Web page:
Adult Transitions Longitudinal Study

Center for International Education at the School of Education

University of Massachusetts in Amherst

Researchers and Policymakers

Goals of the Study

The goal of the study is to inform policymakers, program practitioners, students and potential funders about the educational trajectories of Transition Program participants, how the Transition Program influenced those trajectories, and what the outcomes of participating in the Transition Program are for postsecondary academic success, labor market gains, and educational planning for students’ children.

Research Questions

1. What are the outcomes for students who participate in the ABE-to-College Transition Project?
2. What are the factors (individual, program, and college) that influence those outcomes?

Study Methodology

ATLAS followed a sample of 226 adults who enrolled in the ABE-to-College Transitions Project between September 2007 and May 2008, collecting both quantitative and qualitative data about their transition and postsecondary educational experiences and outcomes. The research was be conducted by a team of faculty and graduate students at the School of Education at the University of Massachusetts, Amherst.

ATLAS surveys were implemented each year as follows:
WAVE I: 2008
WAVE II: 2009
WAVE III: 2010
WAVE IV: 2011

The study employed a mixed-method design, using both quantitative and qualitative data. The quantitative data focused on individual’s demographic and program participation characteristics, college experience, and labor market outcomes. The qualitative data focused on who students are, differences in how well the Transition Programs prepared them to enroll and succeed in college, why students do and don’t persist in the program and in college, and how variables in students’ lives, college and work experience affected their educational and labor market outcomes, as well as outcomes for them as parents-as-first-teachers and other unanticipated outcomes.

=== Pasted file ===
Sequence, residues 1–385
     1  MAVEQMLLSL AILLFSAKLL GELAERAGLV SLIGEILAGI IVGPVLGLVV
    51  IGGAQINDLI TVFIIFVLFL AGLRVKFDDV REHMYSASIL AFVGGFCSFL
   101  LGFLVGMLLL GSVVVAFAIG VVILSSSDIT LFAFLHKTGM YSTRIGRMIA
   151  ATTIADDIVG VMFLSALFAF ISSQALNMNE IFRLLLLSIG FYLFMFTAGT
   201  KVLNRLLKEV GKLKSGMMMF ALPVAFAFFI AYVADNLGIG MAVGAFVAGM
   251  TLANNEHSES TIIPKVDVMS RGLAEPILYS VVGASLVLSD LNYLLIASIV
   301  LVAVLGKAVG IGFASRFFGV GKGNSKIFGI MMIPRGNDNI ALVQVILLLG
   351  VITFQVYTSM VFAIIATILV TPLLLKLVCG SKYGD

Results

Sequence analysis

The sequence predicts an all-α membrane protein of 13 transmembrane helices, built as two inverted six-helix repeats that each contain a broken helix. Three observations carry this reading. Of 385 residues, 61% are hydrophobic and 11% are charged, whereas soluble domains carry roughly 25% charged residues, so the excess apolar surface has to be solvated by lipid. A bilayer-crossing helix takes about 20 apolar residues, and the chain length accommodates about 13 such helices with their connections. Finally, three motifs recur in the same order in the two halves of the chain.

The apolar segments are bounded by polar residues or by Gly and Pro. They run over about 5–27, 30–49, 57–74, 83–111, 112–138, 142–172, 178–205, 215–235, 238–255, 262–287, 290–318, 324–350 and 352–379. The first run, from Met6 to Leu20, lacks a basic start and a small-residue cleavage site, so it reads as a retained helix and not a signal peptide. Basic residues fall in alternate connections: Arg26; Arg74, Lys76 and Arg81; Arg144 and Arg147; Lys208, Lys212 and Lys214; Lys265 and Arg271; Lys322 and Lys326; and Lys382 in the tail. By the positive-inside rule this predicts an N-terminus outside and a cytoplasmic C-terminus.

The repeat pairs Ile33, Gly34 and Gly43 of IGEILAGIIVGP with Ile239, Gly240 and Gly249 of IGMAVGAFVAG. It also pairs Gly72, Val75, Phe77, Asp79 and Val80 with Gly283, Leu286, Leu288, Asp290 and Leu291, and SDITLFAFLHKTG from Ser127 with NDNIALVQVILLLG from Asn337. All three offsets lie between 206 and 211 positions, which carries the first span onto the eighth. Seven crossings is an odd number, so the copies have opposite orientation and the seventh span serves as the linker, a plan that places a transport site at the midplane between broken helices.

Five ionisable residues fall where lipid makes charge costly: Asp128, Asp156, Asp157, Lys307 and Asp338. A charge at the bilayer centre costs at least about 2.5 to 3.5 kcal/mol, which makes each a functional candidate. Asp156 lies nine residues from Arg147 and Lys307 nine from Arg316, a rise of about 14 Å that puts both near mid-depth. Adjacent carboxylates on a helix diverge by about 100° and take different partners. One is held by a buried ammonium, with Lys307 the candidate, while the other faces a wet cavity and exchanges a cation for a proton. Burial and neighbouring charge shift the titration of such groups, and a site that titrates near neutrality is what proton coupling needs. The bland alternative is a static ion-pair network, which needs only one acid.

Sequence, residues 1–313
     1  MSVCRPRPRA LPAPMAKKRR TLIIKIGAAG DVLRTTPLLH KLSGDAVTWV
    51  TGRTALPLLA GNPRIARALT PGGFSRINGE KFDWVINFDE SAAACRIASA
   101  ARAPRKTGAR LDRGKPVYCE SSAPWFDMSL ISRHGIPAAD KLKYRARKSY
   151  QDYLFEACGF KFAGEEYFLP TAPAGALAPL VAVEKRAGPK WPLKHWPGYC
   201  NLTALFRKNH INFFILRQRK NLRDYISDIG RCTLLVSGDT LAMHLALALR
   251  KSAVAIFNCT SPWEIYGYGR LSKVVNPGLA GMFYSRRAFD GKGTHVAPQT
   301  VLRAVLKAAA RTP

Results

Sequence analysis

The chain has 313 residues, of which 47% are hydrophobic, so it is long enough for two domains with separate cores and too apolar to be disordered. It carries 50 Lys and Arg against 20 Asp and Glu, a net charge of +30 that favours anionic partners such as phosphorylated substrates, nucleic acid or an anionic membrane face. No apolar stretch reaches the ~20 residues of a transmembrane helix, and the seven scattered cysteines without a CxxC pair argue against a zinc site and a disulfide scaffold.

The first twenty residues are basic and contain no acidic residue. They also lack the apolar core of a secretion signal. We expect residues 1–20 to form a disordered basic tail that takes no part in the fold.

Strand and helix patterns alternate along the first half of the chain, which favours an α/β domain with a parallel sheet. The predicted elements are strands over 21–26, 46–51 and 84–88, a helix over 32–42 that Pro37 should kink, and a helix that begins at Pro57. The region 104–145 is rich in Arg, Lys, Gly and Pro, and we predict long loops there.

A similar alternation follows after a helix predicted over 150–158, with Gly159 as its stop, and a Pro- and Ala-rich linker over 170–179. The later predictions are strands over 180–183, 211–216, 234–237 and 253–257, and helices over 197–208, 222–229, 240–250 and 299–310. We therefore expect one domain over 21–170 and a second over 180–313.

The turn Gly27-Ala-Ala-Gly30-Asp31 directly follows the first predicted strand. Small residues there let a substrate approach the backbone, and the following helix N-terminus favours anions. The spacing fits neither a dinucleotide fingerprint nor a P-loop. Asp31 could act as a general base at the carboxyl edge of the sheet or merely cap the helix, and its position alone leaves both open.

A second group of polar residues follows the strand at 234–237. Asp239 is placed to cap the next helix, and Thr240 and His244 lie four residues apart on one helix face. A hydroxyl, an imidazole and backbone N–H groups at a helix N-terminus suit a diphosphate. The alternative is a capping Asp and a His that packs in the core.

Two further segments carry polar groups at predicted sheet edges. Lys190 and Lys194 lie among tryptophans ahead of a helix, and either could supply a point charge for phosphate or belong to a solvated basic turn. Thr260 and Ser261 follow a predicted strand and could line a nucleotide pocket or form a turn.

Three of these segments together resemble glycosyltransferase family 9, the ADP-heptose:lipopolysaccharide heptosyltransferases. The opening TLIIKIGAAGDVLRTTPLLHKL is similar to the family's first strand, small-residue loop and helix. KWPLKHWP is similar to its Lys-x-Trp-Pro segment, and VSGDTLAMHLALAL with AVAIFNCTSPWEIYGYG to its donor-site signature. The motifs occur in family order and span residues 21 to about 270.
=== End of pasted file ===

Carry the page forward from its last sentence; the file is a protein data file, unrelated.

The goal is to identify common trajectories and variables contributing to college success, and to develop student profiles matching these. Along with the quantitative data about outcomes, these profiles can then be used by Transition Program staff to identify adult students who may be more likely to be at risk of dropping out of the transition course, and then to improve the program by adopting strategies that reduce the barriers to success. The analysis will also provide information for policy makers about the benefits of Transition Programs for non-traditional adult students.

ATLAS also employed a three-sample design to collect increasingly in-depth information from sub-samples of participating adult students, in order to maximize the efficiency of both the quantitative and qualitative data collected.

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The following are our working hypotheses regarding participants' motivations, supports and hindrances in trying to attend and succeed in college:


  • Material (desire for better job, house, car)
  • Fulfillment, whether internal (desire for job one likes) or external (desire to be a model for others)
  • Identity (desire to be someone else, to be an educated person)
  • Supports

    • People ("sponsor", family, teachers, employers, friends, transition program staff)
    • Societal/institutional support (AA, drug abuse prevention, govt-supported child care)
    • College characteristics (relevant courses to goal of going to college, ability to study online) and supports (financial aid, support services, counseling)
    • Individual characteristics (existent academic skill set, sense of self-efficacy, positive outlook on life and/or college, realistic goals)
    • Hindrances

      • Life turbulence (lack of livelihood support, health problems, financial problems, turbulent family relationships)
      • College culture seeming difficult/foreign
      • Logistical difficulties/distance from college
      • Individual characteristics (poor academic skill set, lack of self-efficacy, negative outlook on life and/or college, unrealistic goals)
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Articles, Presentations, and Publications

Coming soon.

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ATLAS • Center for International Education • University of Massachusetts • 285 Hills South • Amherst, MA 01003
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